As I looked up at an 18 metre painted ceiling known as the Diverticule axial, I was, for the first time not merely intrigued by prehistoric art, but moved by it. The weird thing is, I was not in a prehistoric cave. I was in a two-year old replica.
Today I visited Lascaux IV. While a mere 200 scientists get permission to visit the original each year, Lascaux IV is a resource for the rest of us. It is extensive, atmospheric, and Iâ€™m told accurate to within a 16thof a millimetre. Really!?
It would be hard to conceive of a more exhaustive visitor centre. Our tour lasted for more than an hour; the guide was knowledgeable and personable; the replica caverns were stunning; there was no shortage of museological add ons (films, sound effects, multi-media theatre, 3D cinema, VR lab, interactive gallery of â€˜primitiveâ€™ modern art, and a temporary exhibition space, gift shops for both grown ups and children.)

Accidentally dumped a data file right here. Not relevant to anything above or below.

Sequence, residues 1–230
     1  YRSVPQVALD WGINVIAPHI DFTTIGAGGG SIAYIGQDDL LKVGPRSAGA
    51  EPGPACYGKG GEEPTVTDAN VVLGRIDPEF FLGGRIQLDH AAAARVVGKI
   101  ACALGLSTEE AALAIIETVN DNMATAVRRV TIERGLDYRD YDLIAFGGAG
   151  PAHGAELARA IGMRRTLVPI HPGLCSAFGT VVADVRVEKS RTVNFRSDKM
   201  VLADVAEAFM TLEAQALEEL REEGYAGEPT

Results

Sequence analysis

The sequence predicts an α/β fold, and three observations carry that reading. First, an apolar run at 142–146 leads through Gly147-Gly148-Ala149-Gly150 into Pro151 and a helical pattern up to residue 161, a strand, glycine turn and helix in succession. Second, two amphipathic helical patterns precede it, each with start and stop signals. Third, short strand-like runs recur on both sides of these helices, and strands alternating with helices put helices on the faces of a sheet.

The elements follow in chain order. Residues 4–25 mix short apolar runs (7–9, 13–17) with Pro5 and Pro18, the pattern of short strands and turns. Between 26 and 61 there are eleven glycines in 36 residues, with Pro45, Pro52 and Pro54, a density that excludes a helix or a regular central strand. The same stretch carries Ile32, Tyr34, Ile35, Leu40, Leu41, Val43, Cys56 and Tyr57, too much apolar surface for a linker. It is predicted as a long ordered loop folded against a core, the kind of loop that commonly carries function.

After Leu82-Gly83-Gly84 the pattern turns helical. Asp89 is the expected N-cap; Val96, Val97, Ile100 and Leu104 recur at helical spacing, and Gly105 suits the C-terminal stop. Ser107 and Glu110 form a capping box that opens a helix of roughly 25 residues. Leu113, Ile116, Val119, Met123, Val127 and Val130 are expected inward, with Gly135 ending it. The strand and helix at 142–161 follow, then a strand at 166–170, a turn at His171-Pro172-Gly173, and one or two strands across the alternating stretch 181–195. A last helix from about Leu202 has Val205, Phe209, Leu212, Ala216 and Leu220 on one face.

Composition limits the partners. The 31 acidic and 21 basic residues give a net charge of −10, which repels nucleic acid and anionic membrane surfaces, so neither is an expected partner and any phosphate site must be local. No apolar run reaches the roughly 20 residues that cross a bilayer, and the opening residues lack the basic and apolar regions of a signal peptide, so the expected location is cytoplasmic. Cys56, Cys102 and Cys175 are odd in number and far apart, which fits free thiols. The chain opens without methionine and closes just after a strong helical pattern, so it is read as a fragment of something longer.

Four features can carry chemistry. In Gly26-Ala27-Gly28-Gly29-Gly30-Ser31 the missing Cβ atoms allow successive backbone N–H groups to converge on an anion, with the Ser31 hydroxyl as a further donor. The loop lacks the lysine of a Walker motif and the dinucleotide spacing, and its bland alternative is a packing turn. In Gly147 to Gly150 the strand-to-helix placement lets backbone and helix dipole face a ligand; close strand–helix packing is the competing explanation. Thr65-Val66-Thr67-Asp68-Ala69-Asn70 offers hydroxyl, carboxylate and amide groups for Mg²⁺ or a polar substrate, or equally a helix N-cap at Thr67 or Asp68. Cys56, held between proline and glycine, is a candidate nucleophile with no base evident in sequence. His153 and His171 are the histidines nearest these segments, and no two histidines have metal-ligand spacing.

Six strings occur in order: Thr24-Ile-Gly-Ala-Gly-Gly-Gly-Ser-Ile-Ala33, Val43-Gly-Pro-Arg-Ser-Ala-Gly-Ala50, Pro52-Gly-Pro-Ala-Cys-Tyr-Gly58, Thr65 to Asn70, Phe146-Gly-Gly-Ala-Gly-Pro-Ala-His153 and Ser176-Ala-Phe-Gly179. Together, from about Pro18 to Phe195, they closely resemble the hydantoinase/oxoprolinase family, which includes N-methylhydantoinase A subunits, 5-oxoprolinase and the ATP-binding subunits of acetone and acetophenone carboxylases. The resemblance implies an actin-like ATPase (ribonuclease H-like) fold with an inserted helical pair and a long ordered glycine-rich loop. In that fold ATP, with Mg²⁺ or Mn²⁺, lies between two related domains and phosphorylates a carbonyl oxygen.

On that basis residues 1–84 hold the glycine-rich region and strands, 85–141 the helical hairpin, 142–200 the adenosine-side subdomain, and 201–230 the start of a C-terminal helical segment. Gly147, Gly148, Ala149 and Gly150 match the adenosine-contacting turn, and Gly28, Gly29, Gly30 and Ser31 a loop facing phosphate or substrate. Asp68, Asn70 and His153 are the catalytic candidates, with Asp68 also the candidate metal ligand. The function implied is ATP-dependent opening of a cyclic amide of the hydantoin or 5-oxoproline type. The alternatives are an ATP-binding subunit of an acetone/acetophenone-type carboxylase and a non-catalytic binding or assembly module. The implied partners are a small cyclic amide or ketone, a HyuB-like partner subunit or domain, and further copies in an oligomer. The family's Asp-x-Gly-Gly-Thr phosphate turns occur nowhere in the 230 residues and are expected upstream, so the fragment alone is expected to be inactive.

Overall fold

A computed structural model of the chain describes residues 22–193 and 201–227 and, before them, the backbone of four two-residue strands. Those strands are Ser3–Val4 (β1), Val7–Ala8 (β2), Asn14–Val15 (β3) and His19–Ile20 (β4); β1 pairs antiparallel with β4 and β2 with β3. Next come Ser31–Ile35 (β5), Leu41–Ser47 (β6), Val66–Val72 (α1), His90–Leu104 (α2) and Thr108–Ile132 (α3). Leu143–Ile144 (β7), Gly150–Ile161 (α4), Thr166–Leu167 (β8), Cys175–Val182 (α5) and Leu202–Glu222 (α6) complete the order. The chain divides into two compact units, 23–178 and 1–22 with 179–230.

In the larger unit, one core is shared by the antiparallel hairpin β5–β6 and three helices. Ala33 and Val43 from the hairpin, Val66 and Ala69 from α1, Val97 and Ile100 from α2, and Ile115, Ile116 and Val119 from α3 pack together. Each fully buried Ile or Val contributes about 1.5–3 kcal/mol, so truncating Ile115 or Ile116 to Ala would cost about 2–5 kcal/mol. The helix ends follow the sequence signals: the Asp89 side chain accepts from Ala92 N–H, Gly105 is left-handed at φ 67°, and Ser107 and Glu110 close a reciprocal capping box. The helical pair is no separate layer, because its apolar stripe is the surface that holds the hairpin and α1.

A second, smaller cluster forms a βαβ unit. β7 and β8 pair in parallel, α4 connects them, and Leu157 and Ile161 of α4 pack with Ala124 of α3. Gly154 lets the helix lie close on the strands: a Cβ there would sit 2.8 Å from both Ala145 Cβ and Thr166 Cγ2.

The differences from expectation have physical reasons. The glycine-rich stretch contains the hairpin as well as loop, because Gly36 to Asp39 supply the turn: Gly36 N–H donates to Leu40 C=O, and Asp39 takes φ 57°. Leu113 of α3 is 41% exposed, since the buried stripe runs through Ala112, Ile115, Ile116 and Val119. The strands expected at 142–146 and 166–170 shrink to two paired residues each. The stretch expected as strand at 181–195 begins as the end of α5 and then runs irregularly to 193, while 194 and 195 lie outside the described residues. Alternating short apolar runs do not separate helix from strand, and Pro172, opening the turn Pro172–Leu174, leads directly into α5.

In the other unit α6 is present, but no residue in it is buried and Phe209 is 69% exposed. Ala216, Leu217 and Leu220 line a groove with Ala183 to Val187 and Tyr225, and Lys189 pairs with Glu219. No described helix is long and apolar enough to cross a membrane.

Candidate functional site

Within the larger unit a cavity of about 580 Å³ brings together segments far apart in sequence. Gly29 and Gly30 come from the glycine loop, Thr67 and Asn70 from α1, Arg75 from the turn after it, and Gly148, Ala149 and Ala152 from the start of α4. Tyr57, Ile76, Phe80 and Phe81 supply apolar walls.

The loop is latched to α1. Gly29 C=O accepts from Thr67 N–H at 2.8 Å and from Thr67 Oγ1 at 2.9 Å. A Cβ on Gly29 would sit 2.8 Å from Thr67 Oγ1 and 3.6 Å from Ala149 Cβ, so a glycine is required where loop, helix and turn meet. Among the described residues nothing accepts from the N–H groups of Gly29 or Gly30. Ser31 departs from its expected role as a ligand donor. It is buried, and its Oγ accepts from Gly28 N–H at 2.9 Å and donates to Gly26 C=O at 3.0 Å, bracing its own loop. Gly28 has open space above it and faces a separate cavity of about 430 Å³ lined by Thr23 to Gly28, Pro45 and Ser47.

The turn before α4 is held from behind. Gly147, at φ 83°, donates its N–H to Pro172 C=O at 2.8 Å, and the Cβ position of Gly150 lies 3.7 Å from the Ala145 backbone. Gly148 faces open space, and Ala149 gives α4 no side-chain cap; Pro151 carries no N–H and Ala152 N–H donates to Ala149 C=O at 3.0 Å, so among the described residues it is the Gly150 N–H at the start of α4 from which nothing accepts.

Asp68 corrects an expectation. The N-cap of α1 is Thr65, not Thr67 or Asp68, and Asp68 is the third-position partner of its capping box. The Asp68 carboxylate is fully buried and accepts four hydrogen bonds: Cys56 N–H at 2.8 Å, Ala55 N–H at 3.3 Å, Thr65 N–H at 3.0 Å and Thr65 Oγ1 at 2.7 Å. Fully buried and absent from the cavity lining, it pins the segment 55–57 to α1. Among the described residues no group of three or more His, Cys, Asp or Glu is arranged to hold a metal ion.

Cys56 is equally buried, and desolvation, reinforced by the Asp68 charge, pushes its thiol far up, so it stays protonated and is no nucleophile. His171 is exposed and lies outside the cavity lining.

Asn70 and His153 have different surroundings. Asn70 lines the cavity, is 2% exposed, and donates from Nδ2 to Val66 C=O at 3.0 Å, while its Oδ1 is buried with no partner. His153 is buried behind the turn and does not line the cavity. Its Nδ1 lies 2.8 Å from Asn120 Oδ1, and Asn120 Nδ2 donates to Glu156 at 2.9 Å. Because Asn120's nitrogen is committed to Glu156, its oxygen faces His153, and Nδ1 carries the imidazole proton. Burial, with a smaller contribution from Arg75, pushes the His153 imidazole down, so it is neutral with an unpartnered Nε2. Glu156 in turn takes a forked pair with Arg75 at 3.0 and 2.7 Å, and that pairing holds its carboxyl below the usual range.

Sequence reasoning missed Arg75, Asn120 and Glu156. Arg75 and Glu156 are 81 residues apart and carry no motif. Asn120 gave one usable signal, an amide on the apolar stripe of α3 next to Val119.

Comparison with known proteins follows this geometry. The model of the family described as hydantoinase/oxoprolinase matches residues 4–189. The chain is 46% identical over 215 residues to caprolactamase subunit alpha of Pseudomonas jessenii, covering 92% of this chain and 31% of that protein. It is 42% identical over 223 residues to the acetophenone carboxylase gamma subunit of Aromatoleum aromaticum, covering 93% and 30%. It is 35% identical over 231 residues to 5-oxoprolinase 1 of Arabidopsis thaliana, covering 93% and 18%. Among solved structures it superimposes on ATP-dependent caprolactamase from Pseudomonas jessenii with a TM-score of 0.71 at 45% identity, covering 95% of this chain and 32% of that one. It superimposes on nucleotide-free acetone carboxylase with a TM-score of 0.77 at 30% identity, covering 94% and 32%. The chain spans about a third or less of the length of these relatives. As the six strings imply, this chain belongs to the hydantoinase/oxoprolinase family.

The VÃ©zÃ¨re Valley is baking today: 40 degrees according to my phone. But I found it really instructive to be told to think of the region as having once been more akin to Lapland or Greenland. Today it is forested. Then it was tundra. Once we were nomads. Now we are tourists.
Many on the tour are driving round the region seeing more caves, including those where you can see original artwork. I on the other hand will be visiting two more caves here at Lascaux: the first replica (Lascaux II) and an undecorated neighbour, Grand Roc. I must remind myself: it’s all about the replicas. I will try not to well up again, at either.
By the way, the image is from the Atelier section of the visit. Photography underground is prohibited, which is in itself interesting. But this was the passage which gets compared to the Sistine Chapel. It’s more cheerful than Michelangelo, at least the colours are brighter. I look forward to comparing the lighting at Lascaux II.